Monday, August 5, 2013

One Boy and One Girl: The Perfect 21st Century Family

Behold, children are a heritage from the LORD,
The fruit of the womb is a reward.
Psalm 127:3

            Two children; one of each: a boy and a girl. Preferably the boy first, (gotta pass on that family name), two to three years apart. Society’s definition of the perfect family. Even the old, near-retirement doctor who made the initial diagnosis of my pregnancy with Parker stated: “Well, congratulations. Your first child. It’s best to have two, ideally a boy and a girl. Two years apart. And if you’re going to have more, then have four and not three; an odd number doesn’t work out as well.” Hmm, I hadn’t even gotten through the first pregnancy, and he was already laying out a blueprint for the perfect family. What if Chris and I couldn’t produce it? Were we then doomed to be failing parents, suffering eternal family disharmony?
            I filed his fatherly, authoritative advice in the back of my mind and splurged on a bundle of edible delicacies for a special picnic lunch during which I’d announce my jubilant news to Chris.
            For a variety of personal reasons, Chris and I wanted a boy first, but we refused to learn the sex of our baby before its arrival. We were determined to be surprised at birth. During every pregnancy ultrasound, with all of my children, I reiterated my request that the baby’s sex be excluded from my charts. I didn’t want a well-meaning nurse or office staff member to squeal, “Oh, congratulations on having a girl!” and ruin God’s surprise.
            Throughout my pregnancy with Parker, I suspected my baby was a boy. My husband thought we’d have a boy. My mother thought we’d have a boy. Everyone thought we’d have a boy, except for Chris’s mother. (Maybe having seven children didn’t provide her special sensory powers.)
            Parker’s future godfather—our former pastor—carefully observed my carriage and posture from a posterior view (he politely asked me to walk down the hall, away from him) and jovially boasted that he’d been right nine-out-of-ten times in determining an unborn baby’s sex simply by the way the mother carried it in pregnancy. “You,” he confidently pronounced, “are having a male child!” (At Parker’s birth he was able to brag more about his baby’s sex prediction rate since, upon his birth, it increased to ten out of eleven for him.)
            When the doctor delivered Parker, thrusting him aloft for my better viewing, he proclaimed triumphantly, like a prophetic oracle, “You have a son!” I smiled happily, nodded my head knowingly, and then reclined comfortably to savor the relief of labor pain termination. He seemed horribly offended that I didn’t utter wild surprise and joy exclamations over his proclamation. (I don’t know why he was so irked, since Chris did enough jubilant crying and exclaiming for both us.)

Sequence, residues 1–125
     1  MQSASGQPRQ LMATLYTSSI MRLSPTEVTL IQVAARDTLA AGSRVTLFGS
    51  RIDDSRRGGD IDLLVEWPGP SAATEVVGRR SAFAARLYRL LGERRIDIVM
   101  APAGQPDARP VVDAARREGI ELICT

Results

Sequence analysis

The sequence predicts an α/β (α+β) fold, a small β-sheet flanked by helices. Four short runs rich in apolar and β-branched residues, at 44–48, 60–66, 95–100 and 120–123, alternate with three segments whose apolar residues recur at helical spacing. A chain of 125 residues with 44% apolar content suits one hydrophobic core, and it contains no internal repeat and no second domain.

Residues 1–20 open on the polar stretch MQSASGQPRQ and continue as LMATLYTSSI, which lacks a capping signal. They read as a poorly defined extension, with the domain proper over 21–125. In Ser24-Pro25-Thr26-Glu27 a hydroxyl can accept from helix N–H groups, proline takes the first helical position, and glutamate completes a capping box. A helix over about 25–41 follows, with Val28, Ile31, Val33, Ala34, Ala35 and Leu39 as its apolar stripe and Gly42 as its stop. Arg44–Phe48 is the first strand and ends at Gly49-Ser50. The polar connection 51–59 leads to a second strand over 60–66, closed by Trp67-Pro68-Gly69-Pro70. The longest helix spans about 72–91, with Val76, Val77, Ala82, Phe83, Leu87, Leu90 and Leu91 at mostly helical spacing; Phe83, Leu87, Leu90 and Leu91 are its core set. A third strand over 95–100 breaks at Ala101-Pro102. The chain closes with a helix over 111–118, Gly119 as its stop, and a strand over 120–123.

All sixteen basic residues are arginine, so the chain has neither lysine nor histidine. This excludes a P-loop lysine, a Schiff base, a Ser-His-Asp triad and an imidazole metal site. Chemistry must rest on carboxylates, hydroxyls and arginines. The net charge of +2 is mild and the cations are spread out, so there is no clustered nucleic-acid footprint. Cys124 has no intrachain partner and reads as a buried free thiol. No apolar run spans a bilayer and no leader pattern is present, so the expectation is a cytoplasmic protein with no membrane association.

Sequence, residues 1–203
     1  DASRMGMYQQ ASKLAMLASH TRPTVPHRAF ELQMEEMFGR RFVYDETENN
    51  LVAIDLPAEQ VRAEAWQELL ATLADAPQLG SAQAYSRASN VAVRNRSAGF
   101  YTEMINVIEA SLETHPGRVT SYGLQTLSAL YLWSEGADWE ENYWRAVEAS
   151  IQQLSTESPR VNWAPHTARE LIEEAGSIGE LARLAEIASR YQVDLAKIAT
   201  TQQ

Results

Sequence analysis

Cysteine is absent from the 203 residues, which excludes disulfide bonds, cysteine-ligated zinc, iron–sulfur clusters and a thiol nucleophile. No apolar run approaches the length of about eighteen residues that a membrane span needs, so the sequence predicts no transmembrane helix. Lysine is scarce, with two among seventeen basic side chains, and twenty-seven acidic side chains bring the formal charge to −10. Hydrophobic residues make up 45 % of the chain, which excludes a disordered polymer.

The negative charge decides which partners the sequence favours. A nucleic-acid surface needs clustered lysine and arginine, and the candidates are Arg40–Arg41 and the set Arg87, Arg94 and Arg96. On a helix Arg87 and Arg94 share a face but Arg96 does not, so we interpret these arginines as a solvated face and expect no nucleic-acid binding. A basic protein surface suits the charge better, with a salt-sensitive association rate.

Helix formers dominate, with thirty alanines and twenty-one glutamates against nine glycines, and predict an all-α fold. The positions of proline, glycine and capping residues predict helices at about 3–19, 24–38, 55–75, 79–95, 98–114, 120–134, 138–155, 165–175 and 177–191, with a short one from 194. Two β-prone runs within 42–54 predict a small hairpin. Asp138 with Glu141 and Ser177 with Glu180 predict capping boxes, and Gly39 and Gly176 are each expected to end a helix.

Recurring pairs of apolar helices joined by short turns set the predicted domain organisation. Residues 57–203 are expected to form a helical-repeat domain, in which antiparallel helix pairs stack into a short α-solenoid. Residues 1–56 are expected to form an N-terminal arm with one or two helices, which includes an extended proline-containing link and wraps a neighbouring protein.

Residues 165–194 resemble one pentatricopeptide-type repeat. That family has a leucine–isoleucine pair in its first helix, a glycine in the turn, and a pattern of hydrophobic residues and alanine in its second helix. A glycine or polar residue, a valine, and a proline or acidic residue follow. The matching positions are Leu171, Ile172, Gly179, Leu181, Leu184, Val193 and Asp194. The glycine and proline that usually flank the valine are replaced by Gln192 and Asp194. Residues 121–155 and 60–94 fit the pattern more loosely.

Throughout the next pregnancy Chris and I felt certain we’d be blessed with a girl. I don’t remember everyone else’s opinions. We would have our “perfect” family. Yet, even though we were right in our prediction, it wasn’t to be. We’d remain a little family of three, with a small heritage, for who knew how long. Maybe forever.

            And it seemed everywhere I looked that spring baby girls were the norm. I couldn’t escape them. “Isn’t anyone having boys?” I cried inwardly. “I already have one of those!”
            It blind-sided me in what used to be the most innocuous places. At the bank one day a teller urged me to gaze into the eyes of a newborn girl she was preoccupied with admiring. “Isn’t she adorable?” she squealed. The other women, swarming around the infant and proud new mother, giggled and cooed. Yes, she is, I thought. Then my mind swam with images of what Victoria might have been doing her first month of life. My breath quickened.  Sweat beads accumulated on my forehead in the air-conditioned room. I offered the teller a lame smile, kept my distance, brusquely finished my business, and then bolted through the bank’s glass doors. My eyes searched frantically for a place to hide, a secluded bench on which to collapse, unclench my cramping chest, will my gasping breath to slow, and to stuff the strangled scream lodged in my throat. I sat on that blessed bench for I-don’t-know-how-long, suffering the frightening symptoms of my first-ever panic attack. When I recovered enough to stand up without weaving precariously, my feet shuffled my stooped body back to my car.
            Why can’t I just stay home, hiding in my quiet, cavernous house, avoiding the world…


NEXT WEEK: The Perfect Family, Part 2

Until next week.

Thanks for joining me!